International Probiotics and Antimicrobial Proteins Conference
November 6-8, 2017 | Barcelona, Spain
A Meta-Analysis to Establish the Effects of Probiotics on Growth Performance and Diarrhea Reduction in Swine
1Department of Biology, University of the Philippines, Philippines
2Department of Biological Science and Biotechnology, Hannam University, Republic of Korea
3Department of Animal Resource Science, Republic of Korea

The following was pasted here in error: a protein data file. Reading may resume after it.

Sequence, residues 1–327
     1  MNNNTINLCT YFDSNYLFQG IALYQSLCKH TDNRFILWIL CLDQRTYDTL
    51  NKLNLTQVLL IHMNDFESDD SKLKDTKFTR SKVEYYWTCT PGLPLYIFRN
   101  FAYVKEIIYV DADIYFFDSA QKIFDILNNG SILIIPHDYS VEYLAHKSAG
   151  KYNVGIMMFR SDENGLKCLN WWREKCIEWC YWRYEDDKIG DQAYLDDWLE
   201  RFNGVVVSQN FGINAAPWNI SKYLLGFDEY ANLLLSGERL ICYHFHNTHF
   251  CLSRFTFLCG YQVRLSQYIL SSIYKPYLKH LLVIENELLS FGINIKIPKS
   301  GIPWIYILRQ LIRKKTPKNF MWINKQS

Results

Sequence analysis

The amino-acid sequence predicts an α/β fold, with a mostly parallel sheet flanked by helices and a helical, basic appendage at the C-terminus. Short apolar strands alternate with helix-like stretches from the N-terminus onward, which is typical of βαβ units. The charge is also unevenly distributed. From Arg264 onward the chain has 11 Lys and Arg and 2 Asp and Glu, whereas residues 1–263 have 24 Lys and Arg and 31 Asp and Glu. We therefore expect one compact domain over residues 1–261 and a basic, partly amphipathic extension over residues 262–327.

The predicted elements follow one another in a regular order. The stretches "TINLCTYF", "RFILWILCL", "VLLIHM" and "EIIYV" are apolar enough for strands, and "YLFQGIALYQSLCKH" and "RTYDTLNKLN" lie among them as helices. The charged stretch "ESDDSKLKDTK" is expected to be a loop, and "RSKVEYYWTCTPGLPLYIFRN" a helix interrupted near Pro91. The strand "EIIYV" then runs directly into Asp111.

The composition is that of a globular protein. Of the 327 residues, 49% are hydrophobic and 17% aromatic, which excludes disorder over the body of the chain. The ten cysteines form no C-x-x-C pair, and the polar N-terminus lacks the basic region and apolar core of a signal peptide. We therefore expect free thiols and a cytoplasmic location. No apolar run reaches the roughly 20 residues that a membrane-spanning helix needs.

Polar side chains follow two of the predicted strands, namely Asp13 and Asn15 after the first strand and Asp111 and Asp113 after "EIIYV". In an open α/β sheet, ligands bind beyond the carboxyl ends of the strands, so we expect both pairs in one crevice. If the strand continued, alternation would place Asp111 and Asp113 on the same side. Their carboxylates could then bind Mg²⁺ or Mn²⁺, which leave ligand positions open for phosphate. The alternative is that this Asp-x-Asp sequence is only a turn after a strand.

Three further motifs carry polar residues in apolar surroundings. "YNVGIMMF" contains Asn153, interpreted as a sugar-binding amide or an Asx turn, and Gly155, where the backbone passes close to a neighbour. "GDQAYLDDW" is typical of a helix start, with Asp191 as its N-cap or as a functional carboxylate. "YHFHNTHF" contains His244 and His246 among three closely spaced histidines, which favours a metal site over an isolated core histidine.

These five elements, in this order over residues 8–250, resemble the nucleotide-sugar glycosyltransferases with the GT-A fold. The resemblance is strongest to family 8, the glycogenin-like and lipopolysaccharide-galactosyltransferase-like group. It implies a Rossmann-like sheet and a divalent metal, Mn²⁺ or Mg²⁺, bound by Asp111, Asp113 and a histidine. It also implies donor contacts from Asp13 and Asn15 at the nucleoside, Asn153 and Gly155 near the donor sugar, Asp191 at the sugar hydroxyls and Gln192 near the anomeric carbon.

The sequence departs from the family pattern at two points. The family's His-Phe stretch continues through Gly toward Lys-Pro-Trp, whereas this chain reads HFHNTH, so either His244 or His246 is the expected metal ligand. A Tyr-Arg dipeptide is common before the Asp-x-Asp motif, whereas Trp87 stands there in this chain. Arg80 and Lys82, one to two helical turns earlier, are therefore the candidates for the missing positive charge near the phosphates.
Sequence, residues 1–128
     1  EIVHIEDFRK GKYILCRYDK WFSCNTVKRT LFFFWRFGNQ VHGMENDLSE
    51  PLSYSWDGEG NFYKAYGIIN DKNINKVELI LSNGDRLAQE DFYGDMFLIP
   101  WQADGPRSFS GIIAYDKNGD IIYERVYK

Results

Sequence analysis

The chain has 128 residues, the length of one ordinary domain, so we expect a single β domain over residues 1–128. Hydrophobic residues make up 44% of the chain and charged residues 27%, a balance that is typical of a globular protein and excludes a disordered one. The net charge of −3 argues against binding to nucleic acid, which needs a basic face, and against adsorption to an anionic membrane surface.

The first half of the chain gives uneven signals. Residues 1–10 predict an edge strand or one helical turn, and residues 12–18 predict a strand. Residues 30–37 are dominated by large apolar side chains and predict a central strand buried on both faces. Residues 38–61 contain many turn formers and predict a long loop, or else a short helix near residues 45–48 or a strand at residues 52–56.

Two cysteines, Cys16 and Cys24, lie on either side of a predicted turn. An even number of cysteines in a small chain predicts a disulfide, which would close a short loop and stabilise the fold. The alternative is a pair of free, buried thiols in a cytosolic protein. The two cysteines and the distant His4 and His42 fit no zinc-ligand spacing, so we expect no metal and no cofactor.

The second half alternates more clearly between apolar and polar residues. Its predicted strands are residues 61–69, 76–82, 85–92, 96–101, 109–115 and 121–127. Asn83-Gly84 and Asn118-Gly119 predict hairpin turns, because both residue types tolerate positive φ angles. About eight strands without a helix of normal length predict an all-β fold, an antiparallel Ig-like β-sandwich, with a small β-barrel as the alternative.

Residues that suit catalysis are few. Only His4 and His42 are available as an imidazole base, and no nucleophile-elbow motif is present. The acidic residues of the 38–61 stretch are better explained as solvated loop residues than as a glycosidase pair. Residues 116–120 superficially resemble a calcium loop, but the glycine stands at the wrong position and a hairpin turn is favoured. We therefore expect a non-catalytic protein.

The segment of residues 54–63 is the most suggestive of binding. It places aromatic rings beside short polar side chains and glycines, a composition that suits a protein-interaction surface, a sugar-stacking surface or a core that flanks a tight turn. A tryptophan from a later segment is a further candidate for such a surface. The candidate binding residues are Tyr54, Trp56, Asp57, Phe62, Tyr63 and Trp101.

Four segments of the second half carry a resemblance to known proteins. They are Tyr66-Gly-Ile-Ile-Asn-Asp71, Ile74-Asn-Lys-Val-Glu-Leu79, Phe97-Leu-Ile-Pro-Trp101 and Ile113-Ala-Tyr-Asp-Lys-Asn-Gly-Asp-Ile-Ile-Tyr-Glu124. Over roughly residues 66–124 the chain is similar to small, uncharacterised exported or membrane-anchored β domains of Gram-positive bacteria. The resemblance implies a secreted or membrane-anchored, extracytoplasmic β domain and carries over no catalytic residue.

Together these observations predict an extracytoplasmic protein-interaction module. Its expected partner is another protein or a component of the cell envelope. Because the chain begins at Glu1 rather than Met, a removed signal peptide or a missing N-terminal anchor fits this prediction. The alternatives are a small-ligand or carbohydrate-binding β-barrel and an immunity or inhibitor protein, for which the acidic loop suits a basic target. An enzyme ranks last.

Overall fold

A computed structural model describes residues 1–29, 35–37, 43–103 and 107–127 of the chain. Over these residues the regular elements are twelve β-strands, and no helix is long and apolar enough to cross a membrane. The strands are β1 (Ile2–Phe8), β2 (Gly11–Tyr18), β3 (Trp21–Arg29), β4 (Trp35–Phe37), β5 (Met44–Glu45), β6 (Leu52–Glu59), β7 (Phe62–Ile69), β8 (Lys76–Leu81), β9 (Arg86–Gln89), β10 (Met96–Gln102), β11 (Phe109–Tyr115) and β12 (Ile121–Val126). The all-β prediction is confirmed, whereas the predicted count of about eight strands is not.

We conducted a meta-analysis to evaluate the effects of probioticson the growth performance and reduction of diarrhea in swine. We searched databases (e.g., PubMed, Scopus, and EMBase [ScienceDirect]) for papers written in English from 2005 to 2016. The inclusion criteria were as follows: studies using randomized and controlled experimental designswith pigs at any stage of development, with or without a pathogen challenge, published in peer-reviewed journals. Twenty six papers covering more than 800 experiments were considered for evaluation to establish the effects of probiotics on growth performance as measured by average daily gain (ADG), average daily feed intake (ADFI) and feed efficiency (FE). In addition, probiotic effects on diarrhea incidence (DI) and total coliform population (TC) and E. coli (EC) were also assessed.Probiotic supplementation of feeds increased ADG (mean difference = 23.4 g/day) and has improved feed efficiency (mean difference = −0.0188 kg feed/kg body weight). Although antibiotic supplementation contributed to more gain ADG (mean difference = 39.3 g/day), feed efficiency from administered probiotics was better (mean difference = 0.0313 kg feed/kg body weight). Mono-strain probiotics in feeds also favored growth performance ADG (mean difference = 21.4 g/day)and feed efficiency (mean difference = −0.0504 kg feed/kg body weight) than multi-strain probiotics with ADG (mean difference = 19.7 g/day) and (mean difference = −0.0037 kg feed/kg body weight), respectively,when added to feeds. Effects of probiotics on daily gain were more prominent in piglets but feed efficiency was more noticeable in adult pigs. Mono-strain probiotics were more effective in significantly reducing DIand TCs, whereas multi-strain probiotic preparations were effective in reducing EC. Probiotic supplementation also significantly reduced DI and TCs in adult pigs as well as EC in piglets. The magnitude of probiotic effects was similar to that of antibiotics in reducing DI when added to feed, regardless of the age of the pigs. Additionally, probiotics performed similarly to antibiotics in experiments using mono-strain and adult pigs to reduceTCs. We observed significant evidence of inter-experiment heterogeneity, which may have resulted from differences in study designs among experiments or from other factors not considered in our analysis. Overall, our results affirm the benefits of probiotic administration in swine for improved growth performance and reducing diarrhea.